Wednesday, February 26, 2014

Be Wary of the Headlines: Has Toddler Obesity "Plummeted"?

Yesterday, a study was published showing the prevalence of obesity in children and adults over the last decade.

The headline that was commonly seen was "Toddler Obesity Plummets". This insinuates that the main story out of this study is that we are winning the "battle against obesity".

Let's look at two things: What the study says about toddler obesity and what it says overall.

First, the study did indeed find that toddler/preschool (ages 2-5) obesity in 2011-2012 is much lower than it was in 2003-2004. However, what it also showed is that the drop happened right after--in 2005-2006. In fact, if you look at the authors' previous work, you can see that it was much lower in 2001-2002. For some reason, 2003-2004 was anomaly in NHANES, or in obesity rates. The rates went from ~10% to ~14% to immediately back down to about ~10%.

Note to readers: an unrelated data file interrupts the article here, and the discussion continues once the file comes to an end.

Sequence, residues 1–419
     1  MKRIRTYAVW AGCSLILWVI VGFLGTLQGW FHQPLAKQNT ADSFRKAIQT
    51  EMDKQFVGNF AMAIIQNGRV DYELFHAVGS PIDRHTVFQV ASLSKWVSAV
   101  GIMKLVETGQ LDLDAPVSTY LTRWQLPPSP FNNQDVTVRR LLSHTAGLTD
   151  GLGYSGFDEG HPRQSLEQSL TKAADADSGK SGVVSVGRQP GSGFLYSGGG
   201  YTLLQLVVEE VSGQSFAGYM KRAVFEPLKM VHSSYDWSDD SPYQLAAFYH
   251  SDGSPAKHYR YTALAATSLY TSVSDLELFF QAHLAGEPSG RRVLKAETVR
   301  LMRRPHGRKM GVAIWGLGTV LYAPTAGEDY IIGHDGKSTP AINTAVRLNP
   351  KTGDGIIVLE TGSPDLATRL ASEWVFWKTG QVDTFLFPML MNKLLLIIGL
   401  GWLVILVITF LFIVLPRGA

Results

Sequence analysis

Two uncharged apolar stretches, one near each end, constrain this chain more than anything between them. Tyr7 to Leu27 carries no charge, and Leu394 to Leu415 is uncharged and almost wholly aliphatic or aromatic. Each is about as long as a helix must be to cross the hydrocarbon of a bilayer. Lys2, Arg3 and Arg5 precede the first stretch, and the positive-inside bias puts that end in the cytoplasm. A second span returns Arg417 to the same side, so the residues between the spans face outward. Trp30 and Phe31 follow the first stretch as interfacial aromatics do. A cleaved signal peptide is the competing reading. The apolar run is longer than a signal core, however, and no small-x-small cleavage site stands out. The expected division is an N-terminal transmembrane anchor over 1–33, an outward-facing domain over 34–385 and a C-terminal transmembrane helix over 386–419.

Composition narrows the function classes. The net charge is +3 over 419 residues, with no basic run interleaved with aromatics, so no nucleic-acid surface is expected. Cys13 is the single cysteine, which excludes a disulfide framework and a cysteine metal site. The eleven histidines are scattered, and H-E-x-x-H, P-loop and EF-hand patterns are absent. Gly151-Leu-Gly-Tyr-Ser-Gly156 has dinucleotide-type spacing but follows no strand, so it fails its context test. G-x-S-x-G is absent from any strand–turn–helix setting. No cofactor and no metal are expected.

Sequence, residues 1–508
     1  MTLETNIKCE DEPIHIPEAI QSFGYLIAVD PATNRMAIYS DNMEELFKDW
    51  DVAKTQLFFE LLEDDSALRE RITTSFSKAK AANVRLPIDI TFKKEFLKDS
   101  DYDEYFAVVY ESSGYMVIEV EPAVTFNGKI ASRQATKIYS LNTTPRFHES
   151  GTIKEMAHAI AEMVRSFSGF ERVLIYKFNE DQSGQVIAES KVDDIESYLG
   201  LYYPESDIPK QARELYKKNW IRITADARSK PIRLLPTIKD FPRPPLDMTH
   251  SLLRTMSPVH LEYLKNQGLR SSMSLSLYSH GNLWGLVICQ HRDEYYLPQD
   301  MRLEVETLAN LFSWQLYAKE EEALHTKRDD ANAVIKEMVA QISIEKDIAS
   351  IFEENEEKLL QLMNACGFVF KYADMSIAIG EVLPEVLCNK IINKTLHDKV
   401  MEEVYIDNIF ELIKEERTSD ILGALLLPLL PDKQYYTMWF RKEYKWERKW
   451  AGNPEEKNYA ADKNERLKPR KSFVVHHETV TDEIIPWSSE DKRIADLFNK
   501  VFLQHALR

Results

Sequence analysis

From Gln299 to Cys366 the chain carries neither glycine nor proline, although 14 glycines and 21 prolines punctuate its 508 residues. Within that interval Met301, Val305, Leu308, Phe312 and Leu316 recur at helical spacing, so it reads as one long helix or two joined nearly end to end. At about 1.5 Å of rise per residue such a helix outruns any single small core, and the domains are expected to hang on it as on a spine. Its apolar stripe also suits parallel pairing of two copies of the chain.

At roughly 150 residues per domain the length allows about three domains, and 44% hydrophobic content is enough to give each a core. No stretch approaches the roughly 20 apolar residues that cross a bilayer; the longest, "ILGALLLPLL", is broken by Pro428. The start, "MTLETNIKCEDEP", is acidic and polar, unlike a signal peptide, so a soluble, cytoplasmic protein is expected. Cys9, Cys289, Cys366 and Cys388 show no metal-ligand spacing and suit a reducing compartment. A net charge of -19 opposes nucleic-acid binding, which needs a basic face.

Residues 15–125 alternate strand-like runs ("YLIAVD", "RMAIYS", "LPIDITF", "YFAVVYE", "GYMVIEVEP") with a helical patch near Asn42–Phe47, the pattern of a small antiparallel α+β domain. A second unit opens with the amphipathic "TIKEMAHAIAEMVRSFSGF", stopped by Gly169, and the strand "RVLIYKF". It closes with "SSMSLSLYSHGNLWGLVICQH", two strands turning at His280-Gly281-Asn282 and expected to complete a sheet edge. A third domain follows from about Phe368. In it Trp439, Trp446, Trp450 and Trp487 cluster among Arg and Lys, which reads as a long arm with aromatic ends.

To say that toddler obesity has plummeted in the last decade in disingenuous at best. It has only decreased when making the very specific comparison of one two-year cycle. The trend over the last decade is not significant. The authors do acknowledge the importance of the comparison, but do not discuss the very important difference in 2003-2004.

Second, although obesity in young children dominated the headlines, the paper actually examined children and adults at all ages. The real story of this paper, in my opinion? Nothing has changed. It hasn't changed for young children or teenagers, for young adults or older adults.

Don't let a shocking headline distract you.

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